In accordance with further aspects of the inventions, the product display panels provided in conjunction with the vending machine enhance the sales of primary products as compared with secondary products also vendible therefrom. This is accomplished by providing first and second types of display panels inside the vending machine which are visible from a customer viewing side, i.e., from outside the front of the machine. The first type of panel displays on a continuous or singular graphic medium (single graphic sheet or card) a plurality of graphics for the products and selections vendible from the vending machine. This singular multi-graphic medium can include product selection numbers and/or prices. The second type of display panels comprise only individual product graphic mediums for respective individual selections of the products which are vendible from the vending machine. These second types of display cards typically won't have product selection numbers and/or prices permanently printed thereon. This allows product producers to maintain a level of control over the appearance, selections, and pricing of a portion of the products being displayed in the machine. Additionally, the singular graphic medium could be enhanced with electronic tamper monitoring devices (such as optical, mechanical, electrical, magnetic and other types of sensor devices) integrated with or connected to the medium or its mounting system (such as a frame, etc.), so as to alert the product manufacturer through a communication means (e.g., a wireless device or phone modem or data code) of the tampering. Furthermore the tampering monitoring system could be connected with the control system of the machine so as to partially or fully disable the machine from operation. In the event of such disablement the operator could be required to receive an encrypted code from the product manufacturer in order to reactivate the machine. Additionally the control system could be designed to limit the total number of selections, so as to restrict the machine operator's ability to attempt to dilute the primary product by simply increasing the number of secondary product selections.

In one aspect of the invention the singular multi-graphic medium is relatively-difficult to remove from the vending machine, while the individual display cards are relatively easier to remove. In a preferred embodiment of this aspect of the invention, the singular multi-graphic medium typically displays more than 50% of the vendible products thereon. In another aspect of the invention, product display panels of the first type also include a product identifier code in the graphic associated with each of the vendible products shown thereon, which codes are needed by the customer to purchase the product. The individual display cards may or may not have selection numbers or pricing printed directly on the graphic cards.

In this regard, it is noted that FIGS. 21 to 24 illustrate the primary type of graphic card, comprising a single sheet 210 having multi-graphic product displays 212 thereon; FIGS. 25 to 27 illustrate the easily removable individual display graphic cards, and their mounting to the inside of the card holder frame; and FIG. 28 illustrates a graphic and product stabilizer on the robot head.

It is noted that in a vending machine of this type for dispensing frozen products, such as described in the present inventors forenoted US patent, a freezer is mounted in storage area 11. The weight of the freezer acted as a counterweight for the machine when the door was opened. If there is no freezer, safety dictates that provision must be made to supply one. However, it is desirable that it be accomplished in a manner which least affects the amount of product storage area, and minimizes difficulties relating to product access and loading. In accordance with the present invention, as shown in FIG. 1, a sheet metal frame 78 is fixed to the rear wail of cabinet 3, for enclosing a suitable weight, i.e., cement blocks. The blocks may be enclosed in a suitable cardboard box, to dampen any shock load to the blocks during shipment and to prevent migration of cement dust. The sheet metal holds the blocks in place, acts as a backstop for the macro containment boxes, as well as stiffening the rear wall. If sufficient weight is added to the cabinet by adding thereto machine components, then the blocks are not necessary.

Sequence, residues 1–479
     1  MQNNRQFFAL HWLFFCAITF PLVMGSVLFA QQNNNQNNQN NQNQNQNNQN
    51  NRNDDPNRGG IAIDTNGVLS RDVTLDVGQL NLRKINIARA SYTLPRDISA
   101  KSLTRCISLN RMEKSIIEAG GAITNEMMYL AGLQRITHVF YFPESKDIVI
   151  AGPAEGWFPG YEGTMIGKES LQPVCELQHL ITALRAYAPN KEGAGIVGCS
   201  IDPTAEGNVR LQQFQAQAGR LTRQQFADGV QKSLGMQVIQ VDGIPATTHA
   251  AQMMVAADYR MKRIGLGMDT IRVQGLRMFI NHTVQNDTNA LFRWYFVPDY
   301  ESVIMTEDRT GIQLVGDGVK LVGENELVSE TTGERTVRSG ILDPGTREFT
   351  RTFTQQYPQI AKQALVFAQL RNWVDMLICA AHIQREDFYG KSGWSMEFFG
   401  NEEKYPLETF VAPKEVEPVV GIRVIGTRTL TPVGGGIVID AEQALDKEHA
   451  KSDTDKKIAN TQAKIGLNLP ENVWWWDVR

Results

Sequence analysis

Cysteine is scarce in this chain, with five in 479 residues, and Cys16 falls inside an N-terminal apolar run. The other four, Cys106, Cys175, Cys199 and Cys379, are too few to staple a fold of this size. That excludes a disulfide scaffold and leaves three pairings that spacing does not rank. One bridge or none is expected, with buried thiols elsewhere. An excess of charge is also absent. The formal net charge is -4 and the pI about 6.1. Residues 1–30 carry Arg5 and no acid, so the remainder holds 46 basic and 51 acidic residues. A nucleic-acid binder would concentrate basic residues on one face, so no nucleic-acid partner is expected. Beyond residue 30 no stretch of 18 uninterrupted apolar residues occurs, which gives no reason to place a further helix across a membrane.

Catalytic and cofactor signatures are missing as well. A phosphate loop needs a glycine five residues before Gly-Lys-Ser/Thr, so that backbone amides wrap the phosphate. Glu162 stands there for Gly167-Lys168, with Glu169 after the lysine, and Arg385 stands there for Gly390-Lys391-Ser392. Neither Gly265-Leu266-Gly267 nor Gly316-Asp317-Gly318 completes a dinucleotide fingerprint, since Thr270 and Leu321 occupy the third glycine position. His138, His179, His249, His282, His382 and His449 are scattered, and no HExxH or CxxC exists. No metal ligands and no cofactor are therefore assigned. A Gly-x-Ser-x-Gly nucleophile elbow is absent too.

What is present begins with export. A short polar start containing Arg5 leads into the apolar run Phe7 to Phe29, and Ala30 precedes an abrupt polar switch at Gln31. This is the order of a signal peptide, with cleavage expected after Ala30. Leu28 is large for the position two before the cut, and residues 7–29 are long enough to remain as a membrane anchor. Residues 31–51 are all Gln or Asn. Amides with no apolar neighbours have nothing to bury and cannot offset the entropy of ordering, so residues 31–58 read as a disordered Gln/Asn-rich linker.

Thus, there has been shown and described many improvements for a vending machine which fulfill all the objects and advantages sought therefore. Many changes, modifications, variations, and other uses and applications of the subject invention will, however, become apparent to those skilled in the art after considering this specification and its accompanying drawings which disclose preferred embodiments thereof. For example, although lifting mechanism is positionable in 3 axes, in some applications only 2 axes of movement may be needed, such as in a single row vending machine.

Furthermore, instead of using gussets/supports of triangular or rectangular design, supports of other designs are just as usable, as long as their shape is not inconsistent with described herein, such as vertically extending bars or panels which are widely spaced the front of the machine. All such changes, modifications, variations and other uses and ions which do not depart from the spirit and scope of the invention are deemed to be by this patent.

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Referenced by
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Classifications
U.S. Classification221/123, 221/262, 221/211
International ClassificationG07F11/62, B65G59/00, G07F11/16, G07F11/10, G07F11/14, G07F9/02, G07F5/18
Cooperative ClassificationG07F11/62, G07F11/14, G07F9/02, G07F5/18, G07F11/16, G07F11/002, G07F11/165, G07F11/10
European ClassificationG07F11/00B, G07F11/16B, G07F11/10, G07F5/18, G07F11/62, G07F11/16, G07F11/14, G07F9/02
Legal Events
DateCodeEventDescription
Feb 24, 2003ASAssignment
Owner name: PROCTER & GAMBLE COMAPANY, OHIO
Free format text: ASSIGNMENT OF ASSIGNORS INTEREST;ASSIGNORS:MARTIN, JEFFREY WES;FITENY, MARK JOSEPH;REEL/FRAME:013442/0019
Effective date: 20021230
Jan 12, 2006ASAssignment
Owner name: FASTCORP, LLC, KANSAS
Free format text: MEMORANDUM OF LICENSE;ASSIGNORS:CHIRNOMAS, MUNROE;FOOD AUTOMATION SYSTEMS TECHNOLOGIES, INC.;REEL/FRAME:017009/0175
Effective date: 20060111
Dec 21, 2009REMIMaintenance fee reminder mailed
May 16, 2010LAPSLapse for failure to pay maintenance fees
Jul 6, 2010FPExpired due to failure to pay maintenance fee
Effective date: 20100516